By 2050, connected autonomous vehicles could reduce fuel consumption by as much as 44 percent for passenger vehicles and 18 percent for trucks, according to a new study released by the Energy Information Administration. However, those gains could be offset if autonomous vehicles make automobiles easier for everyone and and liberate shut-in populations, such as the elderly, disabled, and people too young to drive, the study says. By boosting the nation's total vehicle miles traveled, that scenario could slightly worsen fuel consumption. "The largest influencer in potential fuel reduction ... stems from vehicle and powertrain resizing," states the report, referring to a scenario in which people no longer need to purchase vehicles maximized for every potential use. Using a mobile phone, people could order a much smaller and lighter vehicle for a single-passenger office commute than the current situation, in which those same people might purchase a utility vehicle because it can manage an occasional hauling or camping trip. Unlike some earlier assessments, in this "Study of the Potential Energy Consumption Impacts of Connected and Automated Vehicles" the consultants weigh the impact of electrification and shared use. Autonomous vehicles enjoy a symbiosis with electric vehicles. They both employ wired, rather than mechanical, driving and braking controls. So manufacturers can eliminate the weight contributed by those mechanisms, producing more economical cars. In other ways, too, it will make more economic sense for people to share vehicles than to own their own. The average owned vehicle sits idle 95 percent of the time, depreciating. A shared vehicle earns its keep by taking on other passengers. Insurance is expected to cost much less, because an estimated 94 percent of accidents are caused by human error, and those who don't own would bear a sliver of insurance costs. The mobility-service companies that own the vehicles would have market incentives to reduce cost. "This shift in ownership model would signify an important shift in personal mobility priorities, from performance and style to lowering the cost per mile to attract more customers with lower rates," the report states. The report was conducted for EIA by the consulting firms Z, Inc. and Energetics Inc. and released in late March. The fuel savings are compared to a reference case—itself a projection of expected business-as-usual consumption. Like in-house EIA projections, the report surfs considerable uncertainty, especially beyond 2030. Speaking in Chicago this month, the recent director of the EIA pointed out that EIA projections are less important than the variance the agency detects between different scenarios. "How can you possibly have a forecast that's correct about 2050 or even 2040?" asked Adam Sieminski, who headed EIA from 2012 until January of this year. "The goal is to test how sensitive that endpoint is to changes in assumptions. The delta between scenarios is most interesting." The delta between scenarios is much wider for driverless cars in this study than for trucks, which already tend to be sized for their tasks and have less potential to merge underserved populations onto the roadway. Truck companies are expected to favor autonomous vehicles because they spare them driver costs, and when trucking companies platoon those robot trucks they will also enjoy fuel savings. "In one representative platooning test," the study says, "two semi-trucks trucks were platooned at a constant 64 mph at a 36-foot following distance. This configuration resulted in an average fuel consumption saving of 4.5% for the lead truck and 10% for the following truck." All classes of autonomous trucks are expected to enjoy fuel savings that range from marginal improvements to about 18 percent. Last year, Americans consumed 143.37 billion gallons of gasoline, according to EIA. By Jeff McMahon, based in Chicago. Follow Jeff McMahon on Facebook, Google Plus, Twitter, or email him here.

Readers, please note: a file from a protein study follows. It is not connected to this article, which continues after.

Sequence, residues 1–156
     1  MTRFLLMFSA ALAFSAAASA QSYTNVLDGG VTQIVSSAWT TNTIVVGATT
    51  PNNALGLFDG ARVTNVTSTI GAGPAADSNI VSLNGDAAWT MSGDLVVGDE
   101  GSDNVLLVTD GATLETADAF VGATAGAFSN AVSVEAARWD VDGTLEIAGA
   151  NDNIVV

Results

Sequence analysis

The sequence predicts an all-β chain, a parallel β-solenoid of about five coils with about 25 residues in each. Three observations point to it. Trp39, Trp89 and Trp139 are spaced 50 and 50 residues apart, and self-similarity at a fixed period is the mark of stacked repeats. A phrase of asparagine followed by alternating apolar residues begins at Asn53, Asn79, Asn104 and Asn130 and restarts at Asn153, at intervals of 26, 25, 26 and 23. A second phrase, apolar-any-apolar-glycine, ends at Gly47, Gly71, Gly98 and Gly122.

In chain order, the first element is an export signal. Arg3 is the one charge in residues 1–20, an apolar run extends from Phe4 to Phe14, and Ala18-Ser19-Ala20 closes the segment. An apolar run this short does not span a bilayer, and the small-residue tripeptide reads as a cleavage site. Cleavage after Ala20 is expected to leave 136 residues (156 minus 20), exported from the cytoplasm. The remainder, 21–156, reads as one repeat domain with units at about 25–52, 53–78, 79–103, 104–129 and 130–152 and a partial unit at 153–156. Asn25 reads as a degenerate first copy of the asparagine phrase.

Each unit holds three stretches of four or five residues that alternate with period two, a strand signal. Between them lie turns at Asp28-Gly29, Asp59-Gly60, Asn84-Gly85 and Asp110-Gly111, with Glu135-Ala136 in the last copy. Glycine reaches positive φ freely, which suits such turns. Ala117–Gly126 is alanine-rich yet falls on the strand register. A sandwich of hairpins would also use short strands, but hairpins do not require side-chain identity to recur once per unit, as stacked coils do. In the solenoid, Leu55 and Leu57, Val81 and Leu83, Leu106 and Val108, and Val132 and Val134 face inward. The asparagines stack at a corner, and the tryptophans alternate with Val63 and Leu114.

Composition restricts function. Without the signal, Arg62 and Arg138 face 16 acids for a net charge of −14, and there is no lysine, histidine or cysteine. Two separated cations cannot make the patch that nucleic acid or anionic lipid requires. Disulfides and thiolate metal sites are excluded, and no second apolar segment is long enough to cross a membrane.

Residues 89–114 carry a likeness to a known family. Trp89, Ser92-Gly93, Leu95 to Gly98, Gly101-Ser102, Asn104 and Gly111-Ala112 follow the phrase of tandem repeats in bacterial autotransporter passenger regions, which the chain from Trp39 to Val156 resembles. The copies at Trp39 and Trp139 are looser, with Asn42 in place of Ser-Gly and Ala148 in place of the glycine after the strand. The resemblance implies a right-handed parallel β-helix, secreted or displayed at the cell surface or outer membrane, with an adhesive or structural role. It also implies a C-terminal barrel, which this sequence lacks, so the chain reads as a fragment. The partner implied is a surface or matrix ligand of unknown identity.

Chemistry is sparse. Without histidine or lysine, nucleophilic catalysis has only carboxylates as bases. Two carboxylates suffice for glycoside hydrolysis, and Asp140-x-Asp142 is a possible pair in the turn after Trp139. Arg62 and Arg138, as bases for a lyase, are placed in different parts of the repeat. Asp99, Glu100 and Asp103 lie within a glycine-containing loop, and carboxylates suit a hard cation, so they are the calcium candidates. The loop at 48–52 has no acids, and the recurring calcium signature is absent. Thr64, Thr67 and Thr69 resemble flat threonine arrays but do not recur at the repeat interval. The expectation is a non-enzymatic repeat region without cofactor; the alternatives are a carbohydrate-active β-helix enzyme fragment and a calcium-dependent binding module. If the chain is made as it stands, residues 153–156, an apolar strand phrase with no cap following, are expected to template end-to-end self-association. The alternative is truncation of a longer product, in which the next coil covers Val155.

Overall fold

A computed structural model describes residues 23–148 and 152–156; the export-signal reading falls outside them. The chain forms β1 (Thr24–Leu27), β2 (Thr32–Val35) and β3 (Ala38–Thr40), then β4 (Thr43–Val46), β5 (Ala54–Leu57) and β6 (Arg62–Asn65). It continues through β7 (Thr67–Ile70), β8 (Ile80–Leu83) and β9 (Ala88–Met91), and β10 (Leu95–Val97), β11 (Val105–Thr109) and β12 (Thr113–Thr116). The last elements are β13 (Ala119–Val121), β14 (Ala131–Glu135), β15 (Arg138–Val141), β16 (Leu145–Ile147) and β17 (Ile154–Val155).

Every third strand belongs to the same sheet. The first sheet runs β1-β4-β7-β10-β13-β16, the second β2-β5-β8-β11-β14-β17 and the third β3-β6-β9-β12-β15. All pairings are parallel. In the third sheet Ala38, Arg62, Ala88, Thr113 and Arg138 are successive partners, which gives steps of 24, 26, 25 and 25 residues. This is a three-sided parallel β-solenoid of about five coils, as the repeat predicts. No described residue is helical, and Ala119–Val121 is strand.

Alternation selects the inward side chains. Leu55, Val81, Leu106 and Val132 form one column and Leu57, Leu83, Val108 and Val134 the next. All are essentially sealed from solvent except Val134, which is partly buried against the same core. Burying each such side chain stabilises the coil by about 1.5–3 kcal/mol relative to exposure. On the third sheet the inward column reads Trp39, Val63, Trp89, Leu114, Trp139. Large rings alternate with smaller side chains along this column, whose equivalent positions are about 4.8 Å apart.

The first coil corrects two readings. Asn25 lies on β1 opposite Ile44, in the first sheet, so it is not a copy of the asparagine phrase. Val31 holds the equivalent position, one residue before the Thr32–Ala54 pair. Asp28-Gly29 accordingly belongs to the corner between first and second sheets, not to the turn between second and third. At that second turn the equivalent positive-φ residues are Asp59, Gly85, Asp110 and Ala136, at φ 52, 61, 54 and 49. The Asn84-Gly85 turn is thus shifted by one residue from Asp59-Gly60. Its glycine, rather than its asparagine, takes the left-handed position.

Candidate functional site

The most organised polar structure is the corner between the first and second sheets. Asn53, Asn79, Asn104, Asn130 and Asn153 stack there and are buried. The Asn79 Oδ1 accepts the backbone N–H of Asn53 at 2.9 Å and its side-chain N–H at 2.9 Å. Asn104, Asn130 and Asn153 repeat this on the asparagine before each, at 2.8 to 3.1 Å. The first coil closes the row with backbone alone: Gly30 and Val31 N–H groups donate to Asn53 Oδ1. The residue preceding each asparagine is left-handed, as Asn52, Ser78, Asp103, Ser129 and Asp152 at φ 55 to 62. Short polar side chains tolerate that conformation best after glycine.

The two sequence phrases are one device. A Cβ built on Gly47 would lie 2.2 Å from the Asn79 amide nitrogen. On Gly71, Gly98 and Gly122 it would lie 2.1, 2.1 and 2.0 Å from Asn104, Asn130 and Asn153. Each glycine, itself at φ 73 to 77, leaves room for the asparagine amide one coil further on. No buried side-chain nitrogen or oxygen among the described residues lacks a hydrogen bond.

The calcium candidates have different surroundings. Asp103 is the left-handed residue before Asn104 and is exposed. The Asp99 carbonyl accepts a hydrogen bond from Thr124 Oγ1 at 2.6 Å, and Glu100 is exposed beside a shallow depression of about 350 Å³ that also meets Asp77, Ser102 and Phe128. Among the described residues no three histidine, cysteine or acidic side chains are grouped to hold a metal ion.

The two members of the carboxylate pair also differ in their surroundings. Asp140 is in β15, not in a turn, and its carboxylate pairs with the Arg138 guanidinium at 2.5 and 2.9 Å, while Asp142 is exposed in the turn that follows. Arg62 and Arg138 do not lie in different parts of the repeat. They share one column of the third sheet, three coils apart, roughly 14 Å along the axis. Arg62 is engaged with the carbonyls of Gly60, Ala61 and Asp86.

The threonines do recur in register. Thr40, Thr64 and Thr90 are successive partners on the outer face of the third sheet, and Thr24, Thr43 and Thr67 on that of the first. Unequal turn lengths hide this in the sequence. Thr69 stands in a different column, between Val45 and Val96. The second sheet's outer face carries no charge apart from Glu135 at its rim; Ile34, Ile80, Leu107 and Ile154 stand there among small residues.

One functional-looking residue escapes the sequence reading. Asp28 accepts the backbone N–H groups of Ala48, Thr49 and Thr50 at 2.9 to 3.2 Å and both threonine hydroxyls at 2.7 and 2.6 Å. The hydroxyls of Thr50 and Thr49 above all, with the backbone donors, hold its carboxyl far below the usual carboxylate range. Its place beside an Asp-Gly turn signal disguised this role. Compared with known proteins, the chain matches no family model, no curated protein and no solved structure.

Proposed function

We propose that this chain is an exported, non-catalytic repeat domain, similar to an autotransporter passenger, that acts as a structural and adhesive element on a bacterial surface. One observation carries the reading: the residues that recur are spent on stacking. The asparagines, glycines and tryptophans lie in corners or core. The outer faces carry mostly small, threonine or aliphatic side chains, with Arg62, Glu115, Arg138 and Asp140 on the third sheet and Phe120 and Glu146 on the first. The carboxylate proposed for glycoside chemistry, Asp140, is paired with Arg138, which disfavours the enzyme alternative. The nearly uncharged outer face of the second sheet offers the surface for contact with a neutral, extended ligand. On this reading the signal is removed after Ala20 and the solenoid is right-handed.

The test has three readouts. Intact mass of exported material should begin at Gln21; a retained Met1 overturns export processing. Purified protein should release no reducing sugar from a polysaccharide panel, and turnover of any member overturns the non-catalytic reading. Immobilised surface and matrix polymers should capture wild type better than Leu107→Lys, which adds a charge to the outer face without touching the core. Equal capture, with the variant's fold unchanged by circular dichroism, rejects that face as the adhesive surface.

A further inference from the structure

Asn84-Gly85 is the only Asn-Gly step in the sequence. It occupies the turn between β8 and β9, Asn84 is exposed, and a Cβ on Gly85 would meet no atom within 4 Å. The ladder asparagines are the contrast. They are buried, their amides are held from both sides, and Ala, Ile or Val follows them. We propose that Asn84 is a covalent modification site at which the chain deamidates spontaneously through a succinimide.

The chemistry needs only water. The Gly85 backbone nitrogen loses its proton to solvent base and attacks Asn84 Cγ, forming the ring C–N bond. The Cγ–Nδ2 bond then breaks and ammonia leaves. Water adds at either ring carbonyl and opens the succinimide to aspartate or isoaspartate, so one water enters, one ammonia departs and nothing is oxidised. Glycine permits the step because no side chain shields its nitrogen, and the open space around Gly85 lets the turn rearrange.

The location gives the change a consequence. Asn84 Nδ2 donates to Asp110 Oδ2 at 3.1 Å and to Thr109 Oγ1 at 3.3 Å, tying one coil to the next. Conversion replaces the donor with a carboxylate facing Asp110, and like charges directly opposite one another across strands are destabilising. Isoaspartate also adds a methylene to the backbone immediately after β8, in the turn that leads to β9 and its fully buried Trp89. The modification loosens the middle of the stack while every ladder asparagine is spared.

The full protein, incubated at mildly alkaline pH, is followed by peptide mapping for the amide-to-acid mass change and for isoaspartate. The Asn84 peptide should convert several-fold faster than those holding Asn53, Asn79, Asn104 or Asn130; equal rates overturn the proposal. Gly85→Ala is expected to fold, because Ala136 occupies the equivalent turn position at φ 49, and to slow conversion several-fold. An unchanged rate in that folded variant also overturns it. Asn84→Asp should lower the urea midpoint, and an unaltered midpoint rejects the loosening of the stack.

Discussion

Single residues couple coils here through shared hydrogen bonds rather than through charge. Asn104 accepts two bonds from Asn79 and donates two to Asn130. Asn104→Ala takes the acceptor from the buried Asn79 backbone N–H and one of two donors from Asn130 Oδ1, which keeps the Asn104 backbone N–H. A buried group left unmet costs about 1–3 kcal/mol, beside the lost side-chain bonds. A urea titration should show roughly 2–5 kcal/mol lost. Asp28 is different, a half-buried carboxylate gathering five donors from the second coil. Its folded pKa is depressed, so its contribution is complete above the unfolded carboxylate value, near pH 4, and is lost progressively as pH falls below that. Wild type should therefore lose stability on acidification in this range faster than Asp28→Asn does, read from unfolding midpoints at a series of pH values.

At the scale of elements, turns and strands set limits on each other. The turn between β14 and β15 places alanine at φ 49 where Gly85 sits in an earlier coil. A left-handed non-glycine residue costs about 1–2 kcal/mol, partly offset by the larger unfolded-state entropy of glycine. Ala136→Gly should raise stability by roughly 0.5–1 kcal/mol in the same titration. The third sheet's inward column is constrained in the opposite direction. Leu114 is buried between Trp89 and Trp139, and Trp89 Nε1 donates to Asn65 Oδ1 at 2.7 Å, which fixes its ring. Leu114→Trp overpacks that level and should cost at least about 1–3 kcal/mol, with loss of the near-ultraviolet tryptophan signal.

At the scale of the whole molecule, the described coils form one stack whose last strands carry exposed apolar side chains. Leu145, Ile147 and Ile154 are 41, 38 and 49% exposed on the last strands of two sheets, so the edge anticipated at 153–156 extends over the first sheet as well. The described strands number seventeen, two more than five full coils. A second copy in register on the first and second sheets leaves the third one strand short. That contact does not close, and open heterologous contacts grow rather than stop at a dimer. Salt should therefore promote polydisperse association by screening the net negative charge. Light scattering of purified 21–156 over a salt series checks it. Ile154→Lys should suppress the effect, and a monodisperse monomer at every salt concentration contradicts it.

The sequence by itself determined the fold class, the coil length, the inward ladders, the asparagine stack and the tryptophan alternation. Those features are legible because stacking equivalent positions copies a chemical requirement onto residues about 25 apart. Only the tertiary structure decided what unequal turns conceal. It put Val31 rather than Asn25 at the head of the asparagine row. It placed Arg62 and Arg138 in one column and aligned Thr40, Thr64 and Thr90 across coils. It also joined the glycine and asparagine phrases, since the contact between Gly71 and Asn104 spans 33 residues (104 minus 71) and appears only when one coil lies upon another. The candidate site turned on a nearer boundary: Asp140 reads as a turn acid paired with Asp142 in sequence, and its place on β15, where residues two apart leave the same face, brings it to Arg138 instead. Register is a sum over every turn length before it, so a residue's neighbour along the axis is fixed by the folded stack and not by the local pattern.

Jennifer Longmore Announces the Release of Her Highly Anticipated New Book Divine Guidance From The Akashic Records Due to high demand, Jennifer Longmore, Master Soul Teacher has released her newest book, "Divine Guidance From The Akashic Records: Your Essential Blueprint For Living A Spiritual Life In A Human Body." Burlington, Canada, April 29, 2017 --( Due to high demand, Jennifer Longmore, Master Soul Teacher has released her newest book, "Divine Guidance From The Akashic Records: Your Essential Blueprint For Living A Spiritual Life In A Human Body." Learn how to tap into the universe, access your inner wisdom, connect with divine guidance and embody your goals and desires. "It is my passion and purpose to support souls in realizing their gifts, talents, and purpose, and awakening to universal truth. It is also my passion to help people reconnect with source, themselves, the planet, and all that is, while at the same time, grounding themselves in the vessel that is their human body. Working with the Akashic Records is one of the best ways to facilitate this." - Jennifer Longmore Jennifer Longmore, Forensic Investigator turned North America's Soul Purpose Expert, is the internationally acclaimed host of "Soul Purpose Central," 3-time best selling author, and founder of the Soul Journeys® School For Akashic Studies and creator of the popular Spiritual Leadership and Legacy Program. For over 15 years she has been helping people remember who they really are through over 30,000 soul purpose sessions, including the whos-who of actors, professional athletes, CEO's of leading companies and influential luminaries. Jennifer Longmore is the author of 365 Wisdom Bombs, Quantum Leap For The Soul: Manifesting Miracles Through The Power Of Co-creation, Quantum Leap For The Soul: Accessing Superconsciousness, 88 Universal Laws and Heal Your Money Story. "Divine Guidance From The Akashic Records: Your Essential Blueprint For Living A Spiritual Life In A Human Body," is a guide to assist people on how to co-create their life using the Akashic Records, learning how to live their Soul’s Purpose Fully, Manifest Abundance and Shift Limiting Belief Patterns to create what they really, really want in their lives. Think of this book as a friendly guide to help any and all of you who are interested in learning more about the Akashic Records and how connecting with them can help you live a more peaceful, fulfilled, and harmonious life. When you’re aligned with your soul’s purpose, you will be able to fully enjoy your most abundant, expansive, and enlightened path. For more information about Jennifer Longmore’s new book, "Divine Guidance From The Akashic Records: Your Essential Blueprint For Living A Spiritual Life In A Human Body," go to SoulJourneys.ca or contact her directly through email listed above. Contact: Jennifer Longmore Company: Soul Journeys® Phone: 905-646-9168 Email: clientcare@souljourneys.ca Website: SoulJourneys.CA Burlington, Canada, April 29, 2017 --( PR.com )-- North America’s Soul Purpose and Business Energetics Expert, Jennifer Longmore Announces The Release Of Her New Book, "Divine Guidance From The Akashic Records: Your Essential Blueprint For Living A Spiritual Life In A Human Body."Due to high demand, Jennifer Longmore, Master Soul Teacher has released her newest book, "Divine Guidance From The Akashic Records: Your Essential Blueprint For Living A Spiritual Life In A Human Body."Learn how to tap into the universe, access your inner wisdom, connect with divine guidance and embody your goals and desires."It is my passion and purpose to support souls in realizing their gifts, talents, and purpose, and awakening to universal truth. It is also my passion to help people reconnect with source, themselves, the planet, and all that is, while at the same time, grounding themselves in the vessel that is their human body. Working with the Akashic Records is one of the best ways to facilitate this." - Jennifer LongmoreJennifer Longmore, Forensic Investigator turned North America's Soul Purpose Expert, is the internationally acclaimed host of "Soul Purpose Central," 3-time best selling author, and founder of the Soul Journeys® School For Akashic Studies and creator of the popular Spiritual Leadership and Legacy Program. For over 15 years she has been helping people remember who they really are through over 30,000 soul purpose sessions, including the whos-who of actors, professional athletes, CEO's of leading companies and influential luminaries.Jennifer Longmore is the author of 365 Wisdom Bombs, Quantum Leap For The Soul: Manifesting Miracles Through The Power Of Co-creation, Quantum Leap For The Soul: Accessing Superconsciousness, 88 Universal Laws and Heal Your Money Story."Divine Guidance From The Akashic Records: Your Essential Blueprint For Living A Spiritual Life In A Human Body," is a guide to assist people on how to co-create their life using the Akashic Records, learning how to live their Soul’s Purpose Fully, Manifest Abundance and Shift Limiting Belief Patterns to create what they really, really want in their lives.Think of this book as a friendly guide to help any and all of you who are interested in learning more about the Akashic Records and how connecting with them can help you live a more peaceful, fulfilled, and harmonious life. When you’re aligned with your soul’s purpose, you will be able to fully enjoy your most abundant, expansive, and enlightened path.For more information about Jennifer Longmore’s new book, "Divine Guidance From The Akashic Records: Your Essential Blueprint For Living A Spiritual Life In A Human Body," go to SoulJourneys.ca or contact her directly through email listed above.Contact: Jennifer LongmoreCompany: Soul Journeys®Phone: 905-646-9168Email: clientcare@souljourneys.caWebsite: SoulJourneys.CA